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Marketing Strategies for Consulting Firms

Businesses that aren’t employing some marketing strategy are likely to be eaten up by the competition. And digital marketing is the inevitable weapon of choice by companies ranging from a retail store selling candles and perfumes to eCommerce platforms. Google accounts for 94% of organic traffic.

If you need your business to be noticed by customers, you need to be at the top of Google search results. Whether you are operating a consulting firm from a small town in Utah or New York City, you can’t be on top if you don’t use search engine optimization or social media. To highlight this point, more than 60% of marketers agree that enhancing SEO is a marketing necessity. Experts say that organic SEO will do the work just fine and perhaps more than five times better than paid search ads.

What if your company is a consulting business? Will any of these marketing, digital or otherwise, have an impact on your business?

An Overview of Marketing

The beginnings of marketing can be traced back to the 18th century during the rise of the industrial revolution. With the growth of the machines, big industries were able to mass-produce goods for consumers. And they needed a way to inform them about these products. This need for information drive became more competitive for companies starting in the early 19th century until the 1940s. Fast-forward to the 1990s, 1997, to be more specific, SEO was officially born.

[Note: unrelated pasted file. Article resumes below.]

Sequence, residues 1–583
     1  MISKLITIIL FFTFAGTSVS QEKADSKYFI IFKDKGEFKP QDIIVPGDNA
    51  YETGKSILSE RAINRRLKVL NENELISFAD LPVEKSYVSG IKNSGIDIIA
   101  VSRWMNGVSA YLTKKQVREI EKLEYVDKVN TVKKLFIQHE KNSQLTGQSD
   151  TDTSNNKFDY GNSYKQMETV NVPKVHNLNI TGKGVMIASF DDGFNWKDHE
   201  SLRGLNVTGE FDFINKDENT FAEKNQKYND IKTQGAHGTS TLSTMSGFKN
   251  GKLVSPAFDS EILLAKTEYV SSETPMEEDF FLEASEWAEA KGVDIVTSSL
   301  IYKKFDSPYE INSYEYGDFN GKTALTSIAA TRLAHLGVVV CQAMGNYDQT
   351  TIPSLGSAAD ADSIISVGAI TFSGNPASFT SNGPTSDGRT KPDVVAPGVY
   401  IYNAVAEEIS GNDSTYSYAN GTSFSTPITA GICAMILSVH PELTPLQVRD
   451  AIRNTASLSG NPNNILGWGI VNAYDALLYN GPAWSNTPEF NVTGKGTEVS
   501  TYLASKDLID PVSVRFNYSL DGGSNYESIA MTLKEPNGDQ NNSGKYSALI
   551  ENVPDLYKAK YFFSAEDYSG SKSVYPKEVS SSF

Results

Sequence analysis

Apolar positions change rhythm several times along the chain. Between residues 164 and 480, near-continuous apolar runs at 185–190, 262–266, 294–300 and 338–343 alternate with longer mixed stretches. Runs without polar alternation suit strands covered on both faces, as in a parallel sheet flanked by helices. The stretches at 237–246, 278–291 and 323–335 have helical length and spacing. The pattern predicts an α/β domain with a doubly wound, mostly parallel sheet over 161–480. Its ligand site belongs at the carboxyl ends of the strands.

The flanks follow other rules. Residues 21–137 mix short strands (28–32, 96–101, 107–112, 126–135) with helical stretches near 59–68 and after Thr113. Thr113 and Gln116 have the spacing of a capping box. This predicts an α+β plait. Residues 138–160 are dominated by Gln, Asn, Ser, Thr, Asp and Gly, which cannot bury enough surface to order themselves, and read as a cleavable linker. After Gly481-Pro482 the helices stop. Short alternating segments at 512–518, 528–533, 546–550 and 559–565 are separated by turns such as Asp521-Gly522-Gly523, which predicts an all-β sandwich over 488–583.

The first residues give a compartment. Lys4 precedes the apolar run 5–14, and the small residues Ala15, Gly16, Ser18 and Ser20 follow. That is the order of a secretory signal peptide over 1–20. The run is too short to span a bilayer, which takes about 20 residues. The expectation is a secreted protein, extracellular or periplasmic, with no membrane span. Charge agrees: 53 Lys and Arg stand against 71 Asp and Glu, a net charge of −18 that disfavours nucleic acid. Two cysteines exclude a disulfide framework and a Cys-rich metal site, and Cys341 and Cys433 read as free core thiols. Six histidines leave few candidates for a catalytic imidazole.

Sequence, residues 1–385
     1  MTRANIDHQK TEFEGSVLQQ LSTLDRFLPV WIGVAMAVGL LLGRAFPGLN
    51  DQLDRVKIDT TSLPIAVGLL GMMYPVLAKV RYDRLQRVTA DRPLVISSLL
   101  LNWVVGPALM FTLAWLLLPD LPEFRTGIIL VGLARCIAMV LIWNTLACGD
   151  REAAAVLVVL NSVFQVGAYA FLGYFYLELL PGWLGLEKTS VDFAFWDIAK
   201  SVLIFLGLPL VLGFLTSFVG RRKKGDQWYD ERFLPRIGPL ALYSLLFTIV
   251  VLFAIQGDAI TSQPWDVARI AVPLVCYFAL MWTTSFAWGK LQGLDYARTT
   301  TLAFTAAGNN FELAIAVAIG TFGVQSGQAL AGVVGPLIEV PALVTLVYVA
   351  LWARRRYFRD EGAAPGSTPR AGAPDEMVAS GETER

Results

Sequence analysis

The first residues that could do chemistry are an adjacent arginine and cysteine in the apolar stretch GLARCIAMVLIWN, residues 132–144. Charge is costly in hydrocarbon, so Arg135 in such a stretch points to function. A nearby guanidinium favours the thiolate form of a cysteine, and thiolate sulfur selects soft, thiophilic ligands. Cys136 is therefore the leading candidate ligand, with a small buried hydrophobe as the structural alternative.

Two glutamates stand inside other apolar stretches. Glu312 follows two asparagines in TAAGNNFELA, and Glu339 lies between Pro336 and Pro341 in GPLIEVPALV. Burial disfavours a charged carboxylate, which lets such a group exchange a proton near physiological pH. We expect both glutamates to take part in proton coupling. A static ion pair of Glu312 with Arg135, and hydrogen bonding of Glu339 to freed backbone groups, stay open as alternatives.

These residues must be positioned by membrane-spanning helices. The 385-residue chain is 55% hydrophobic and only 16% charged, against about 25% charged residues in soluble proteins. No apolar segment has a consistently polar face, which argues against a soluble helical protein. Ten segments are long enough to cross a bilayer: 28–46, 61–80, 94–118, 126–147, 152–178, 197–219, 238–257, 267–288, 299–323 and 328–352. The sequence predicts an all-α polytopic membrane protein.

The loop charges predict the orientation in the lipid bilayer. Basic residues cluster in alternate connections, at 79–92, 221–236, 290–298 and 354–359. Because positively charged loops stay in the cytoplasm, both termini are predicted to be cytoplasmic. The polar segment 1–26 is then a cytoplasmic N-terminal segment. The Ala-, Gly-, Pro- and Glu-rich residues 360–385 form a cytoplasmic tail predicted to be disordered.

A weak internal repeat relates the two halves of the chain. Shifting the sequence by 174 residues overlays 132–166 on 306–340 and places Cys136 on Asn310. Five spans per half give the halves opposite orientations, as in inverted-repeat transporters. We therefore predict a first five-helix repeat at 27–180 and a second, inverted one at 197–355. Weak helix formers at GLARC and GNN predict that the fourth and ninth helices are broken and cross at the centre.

SEO is mainly designing and organizing your website so that when keywords are used on Google, the chances of your website landing on the front page of the search are higher. SEO is just one of the tools used in digital marking. The site itself is part of your digital marketing strategy. Your presence in social media is also essential.

Making It Work For Your Consulting Company

If it’s a tube of toothpaste or the latest shaver or razor, it’s a lot easier to conjure compelling and colorful images. Products are more tangible and visual, whereas consulting to, say, improve an organizational structure to create efficiency, isn’t.

Tradition still works. Don’t underestimate the power of traditional methods like direct mailing. Targeted emails allow you to inform specific customer segments or demographics about your services. You can make it visual by adding an image or telling a short story about your brand. You can put testimonials in quotes with the name and picture (with their permission, of course) of a happy customer.

Content is king. In the digital marketing world, the assertion “the customer is king” will take a backseat behind the concept of “content is king.” Evergreen content as blog entries on your website is more effective as opposed to content that will become irrelevant a day or two or even just hours after. Write content that highlights your services as a way for businesses to solve their real-world problems. Inefficiency translates to lost time and money. “How to create efficiency for a flat organizational structure” is a topic that won’t have an expiration, and something potential customers will find useful.

Analytics and the sales funnel. The application of web analytics means creating content that effectively targets the conversion of mere leads to actual customers. Thus, the marketing strategy must take into account how to optimize the sales funnel.

Your services might not come in a box, but with a robust digital marketing strategy, you can still package your message in a way that attracts customers.

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